grep

linux

https://www.cyberciti.biz/faq/grep-regular-expressions/
http://tldp.org/LDP/Bash-Beginners-Guide/html/sect_04_02.html - done reading
http://www.thegeekstuff.com/2009/03/15-practical-unix-grep-command-examples/
http://www.folkstalk.com/2012/01/grep-command-in-unix-examples.html
http://www.computerhope.com/unix/ugrep.htm
http://www.thegeekstuff.com/2011/10/grep-or-and-not-operators/
http://www.linuxtechi.com/linux-grep-command-with-14-different-examples/
http://www.techonthenet.com/unix/basic/grep.php
http://www.panix.com/~elflord/unix/grep.html
http://www.tecmint.com/12-practical-examples-of-linux-grep-command/
http://www.cyberciti.biz/faq/howto-use-grep-command-in-linux-unix/
http://alvinalexander.com/unix/edu/examples/grep.shtml
http://www.thegeekstuff.com/2011/01/regular-expressions-in-grep-command/
http://www.thegeekstuff.com/2011/01/advanced-regular-expressions-in-grep-command-with-10-examples-%e2%80%93-part-ii/
http://www.thegeekstuff.com/2010/10/bzcommand-examples/
http://www.thegeekstuff.com/2009/05/zcat-zless-zgrep-zdiff-zcmp-zmore-gzip-file-operations-on-the-compressed-files/

grep [options] "regex" files
  1. -i: case insensative match
  2. -v: inverted match (print all lines that do not match). Select non-matching lines.
  3. -c: count the number of match for each file. Suppress the normal output, and print the count of matching lines for each input files
  4. -f FILE, —file=FILE: Obtain patterns from FILE, one per line. An empty file contains zero patterns, and therefore match nothing
  5. -H, —with-filename: Print the file name for each match
  6. -h, —no-filename: Suppress the prefixing of filename on output when multiple files are searched.
  7. -l: (letter l) print only the name of the file that match. Suppress normal output. Instead, print the name of each input file from which output would normally have been printed. The scanning will stop on the first match.
  8. -L, —file-without-match: opposite of lowercase letter L. Suppress the normal output. Instead print the name of each input file from which no output would normally have been printed. The scanning will stop on the first match.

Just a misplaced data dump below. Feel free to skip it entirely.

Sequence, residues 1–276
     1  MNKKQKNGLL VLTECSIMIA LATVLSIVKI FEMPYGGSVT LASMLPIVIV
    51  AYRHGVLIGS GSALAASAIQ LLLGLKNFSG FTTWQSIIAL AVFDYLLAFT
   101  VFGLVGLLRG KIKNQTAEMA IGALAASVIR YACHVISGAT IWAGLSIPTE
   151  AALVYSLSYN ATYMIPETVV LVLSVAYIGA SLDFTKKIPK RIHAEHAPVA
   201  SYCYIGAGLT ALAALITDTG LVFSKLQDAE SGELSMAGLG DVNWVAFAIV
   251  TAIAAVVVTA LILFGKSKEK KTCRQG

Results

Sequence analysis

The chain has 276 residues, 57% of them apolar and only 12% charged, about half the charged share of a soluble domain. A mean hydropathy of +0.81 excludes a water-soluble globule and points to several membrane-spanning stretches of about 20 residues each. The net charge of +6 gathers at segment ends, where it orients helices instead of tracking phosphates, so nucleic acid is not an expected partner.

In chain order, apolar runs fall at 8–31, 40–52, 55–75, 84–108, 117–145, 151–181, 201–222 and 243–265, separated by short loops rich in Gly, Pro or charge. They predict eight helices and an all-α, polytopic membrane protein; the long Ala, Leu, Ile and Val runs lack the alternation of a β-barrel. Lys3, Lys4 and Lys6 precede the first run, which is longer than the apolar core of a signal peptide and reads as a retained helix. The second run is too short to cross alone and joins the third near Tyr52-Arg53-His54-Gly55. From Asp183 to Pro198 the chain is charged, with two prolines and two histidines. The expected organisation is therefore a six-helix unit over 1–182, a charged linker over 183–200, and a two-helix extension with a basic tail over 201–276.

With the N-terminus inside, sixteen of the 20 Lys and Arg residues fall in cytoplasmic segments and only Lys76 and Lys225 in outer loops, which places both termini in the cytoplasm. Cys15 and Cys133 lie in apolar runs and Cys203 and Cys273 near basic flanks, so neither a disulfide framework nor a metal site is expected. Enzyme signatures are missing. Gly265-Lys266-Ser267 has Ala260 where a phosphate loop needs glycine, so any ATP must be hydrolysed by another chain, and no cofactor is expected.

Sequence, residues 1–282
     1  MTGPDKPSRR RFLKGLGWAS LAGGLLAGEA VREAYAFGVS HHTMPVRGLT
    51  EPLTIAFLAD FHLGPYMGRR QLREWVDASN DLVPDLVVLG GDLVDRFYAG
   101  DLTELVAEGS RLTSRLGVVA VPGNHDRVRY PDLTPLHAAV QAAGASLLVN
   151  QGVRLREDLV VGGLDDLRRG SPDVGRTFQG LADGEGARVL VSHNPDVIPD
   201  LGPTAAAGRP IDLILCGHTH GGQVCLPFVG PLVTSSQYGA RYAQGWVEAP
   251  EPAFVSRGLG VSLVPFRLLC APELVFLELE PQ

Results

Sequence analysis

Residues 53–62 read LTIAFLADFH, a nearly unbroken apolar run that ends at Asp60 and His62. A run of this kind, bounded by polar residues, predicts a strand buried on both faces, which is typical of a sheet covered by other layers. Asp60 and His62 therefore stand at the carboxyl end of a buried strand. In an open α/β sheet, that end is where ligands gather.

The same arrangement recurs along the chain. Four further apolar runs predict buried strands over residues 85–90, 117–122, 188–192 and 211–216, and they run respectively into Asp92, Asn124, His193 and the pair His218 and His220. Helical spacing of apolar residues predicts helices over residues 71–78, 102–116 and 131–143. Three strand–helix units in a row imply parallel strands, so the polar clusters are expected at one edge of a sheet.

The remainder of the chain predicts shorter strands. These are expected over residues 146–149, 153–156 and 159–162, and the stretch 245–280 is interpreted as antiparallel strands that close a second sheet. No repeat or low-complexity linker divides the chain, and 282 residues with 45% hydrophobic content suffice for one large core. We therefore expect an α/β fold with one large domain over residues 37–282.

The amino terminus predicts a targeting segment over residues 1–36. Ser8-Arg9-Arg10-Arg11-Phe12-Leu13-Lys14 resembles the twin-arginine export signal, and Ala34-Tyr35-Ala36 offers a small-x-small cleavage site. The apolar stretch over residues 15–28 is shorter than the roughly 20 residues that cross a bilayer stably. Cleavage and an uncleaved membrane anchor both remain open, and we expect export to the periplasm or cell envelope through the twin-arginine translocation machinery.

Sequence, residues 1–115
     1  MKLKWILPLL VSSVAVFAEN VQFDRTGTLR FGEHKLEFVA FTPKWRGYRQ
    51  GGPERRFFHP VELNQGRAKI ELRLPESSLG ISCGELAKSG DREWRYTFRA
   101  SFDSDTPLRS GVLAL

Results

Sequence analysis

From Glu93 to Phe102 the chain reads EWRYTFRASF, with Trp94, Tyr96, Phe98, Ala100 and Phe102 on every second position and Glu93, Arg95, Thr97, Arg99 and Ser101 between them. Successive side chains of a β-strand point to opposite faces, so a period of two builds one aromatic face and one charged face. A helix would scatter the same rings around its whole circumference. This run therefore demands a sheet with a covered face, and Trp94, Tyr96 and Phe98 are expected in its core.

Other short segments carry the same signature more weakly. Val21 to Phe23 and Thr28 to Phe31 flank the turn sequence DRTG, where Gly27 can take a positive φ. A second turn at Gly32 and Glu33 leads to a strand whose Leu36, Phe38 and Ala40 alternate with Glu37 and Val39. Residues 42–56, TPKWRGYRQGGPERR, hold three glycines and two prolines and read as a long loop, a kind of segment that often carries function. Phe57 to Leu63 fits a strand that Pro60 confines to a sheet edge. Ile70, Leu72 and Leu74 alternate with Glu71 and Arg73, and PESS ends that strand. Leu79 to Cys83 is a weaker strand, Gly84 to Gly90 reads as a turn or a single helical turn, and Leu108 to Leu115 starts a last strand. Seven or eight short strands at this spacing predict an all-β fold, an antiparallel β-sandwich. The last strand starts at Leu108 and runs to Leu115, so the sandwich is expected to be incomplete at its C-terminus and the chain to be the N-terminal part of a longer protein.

9. -n: display line number. Prefix each line of output with the line number within its input file
  10. -o: (letter o) show only part that match (handy if you have line that span several screens)
  11. -w word: if you are searching for a word and want to suppress partial matches
  12. -r: recursive. Read all files under each directory, recursively.

How can we use Perl-compatible regular expression with grep?

echo 'This is test number 5' | grep -P '[[:digit:]]'

The above example print the line again because that is what grep do when it find a match. The number 5 matches with the POSIX [[:digit:]]. If we want to see the part that match, add the -o option to the grep command. The -o option show only part that match.

What is the purpose of the grep command?

grep search the named input files (or standard input if no files are given, or the filename - is given) for lines matching a given pattern. By default, grep print the matching lines.

How can we search for a given string or pattern in a file?

grep -i "pattern" fileName

How can we search for a given string or pattern in all files within a given directory?

grep -r "pattern" *

How can we read the manual page for grep?

man grep

How can we print the matched line, along with the 3 lines after it?

grep -A 3 -i "pattern" *

How can we display the line number of the line that contains the pattern?

Use the -n option:

grep -n "pattern" *

How can we invert the match?

Use the -v option, which inverts the match. It only print all lines that do not match the given pattern.

grep -v "pattern" *

How can we output the number of matched lines?

Use the -c option. It suppresses the normal output, and print a count of matching lines for each input file. With the -v, —invert-match option, this options counts non-matching lines.